Together with the FZI Research Center for Information Tech-nology and the Informatics Society (GI), Karlsruhe Institute of Technology (KIT) organizes the conference “Software Engi-neering” (SE 2011). From February 21 to 25, representatives of industry and research will present and discuss latest develop-ments and challenges in software engineering. The conference takes place every year at another university and is the largest conference on software engineering in the German-speaking countries.
Software engineering plays a key role in our industrialized infor-mation society. Innovative products and services cannot be imple-mented without software. Software is everywhere: It ensures smooth operation of enterprises and public institutions as well as safety of machines and plants. In everyday life, for example, when drawing out money or buying tickets, we trust in functioning and reliable software. Quality and security of software will also be in the focus of the SE 2011 entitled “Software Engineering for Critical Applications”.
“Software systems are increasingly applied in critical infrastructures, for instance, in financial services or telecommunications,” explains Professor Ralf Reussner, host of the SE 2011 and professor at the KIT Institute for Program Structures and Data Organization.” Func-tioning of these infrastructures in a modern society and the success of enterprises depend on the smooth operation of these systems,” says Reussner. Moreover, execution environments of software change rapidly. Increasing dissemination of multi-core computers or new service-oriented technologies like cloud computing massively affect software development. Software development must not only be cost-efficient and meet increasing quality requirements, but should also be easily adaptable to changing environments and allow for the effective use of the advantages of new platforms.
Apart from a number of workshops and tutorials on current trends and issues of software engineering, the conference will offer a high-quality lecture program. Among the keynote speakers will be Robert C. Martin, better known by the community as “Uncle Bob”, and the renowned professors of informatics Manfred Broy, Lutz Heuser, and Johannes Siedersleben.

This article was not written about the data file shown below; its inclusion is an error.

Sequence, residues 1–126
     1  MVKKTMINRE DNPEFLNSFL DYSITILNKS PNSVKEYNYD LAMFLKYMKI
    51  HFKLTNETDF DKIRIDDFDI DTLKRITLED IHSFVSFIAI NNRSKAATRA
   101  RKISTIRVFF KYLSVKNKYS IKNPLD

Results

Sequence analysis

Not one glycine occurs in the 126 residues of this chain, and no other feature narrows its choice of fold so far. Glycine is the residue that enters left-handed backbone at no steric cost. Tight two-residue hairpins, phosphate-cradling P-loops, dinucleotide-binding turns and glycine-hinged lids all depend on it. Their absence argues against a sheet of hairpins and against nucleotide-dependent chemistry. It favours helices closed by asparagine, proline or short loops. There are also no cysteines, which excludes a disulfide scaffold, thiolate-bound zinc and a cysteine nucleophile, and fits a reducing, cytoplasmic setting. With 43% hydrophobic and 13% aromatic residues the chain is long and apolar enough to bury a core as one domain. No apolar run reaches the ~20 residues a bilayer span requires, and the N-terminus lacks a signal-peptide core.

For the first time, the conference will address interested teachers of informatics. To counteract the expected lack of experts and qualified workers in the information technology and communication sector, possibilities and concepts of including software engineering lessons in school education will be discussed.
The program will be completed by a symposium for young scientists and Ph. D. students. On Wednesday, February 23, an expert discussion of the German Testing Board on the faultiness of software and possible solution approaches will take place.
Being “The Research University in the Helmholtz Association”, KIT creates and imparts knowledge for the society and the environment. It is the objective to make significant contributions to the global challenges in the fields of energy, mobility, and information. For this, about 9,600 employees cooperate in a broad range of disciplines in natural sciences, engineering sciences, economics, and the humanities and social sciences. KIT prepares its 23,300 students for responsible tasks in society, industry, and science by offering research-based study programs. Innovation efforts at KIT build a bridge between important scientific findings and their application for the benefit of society, economic prosperity, and the preservation of our natural basis of life. KIT is one of the German universities of excellence.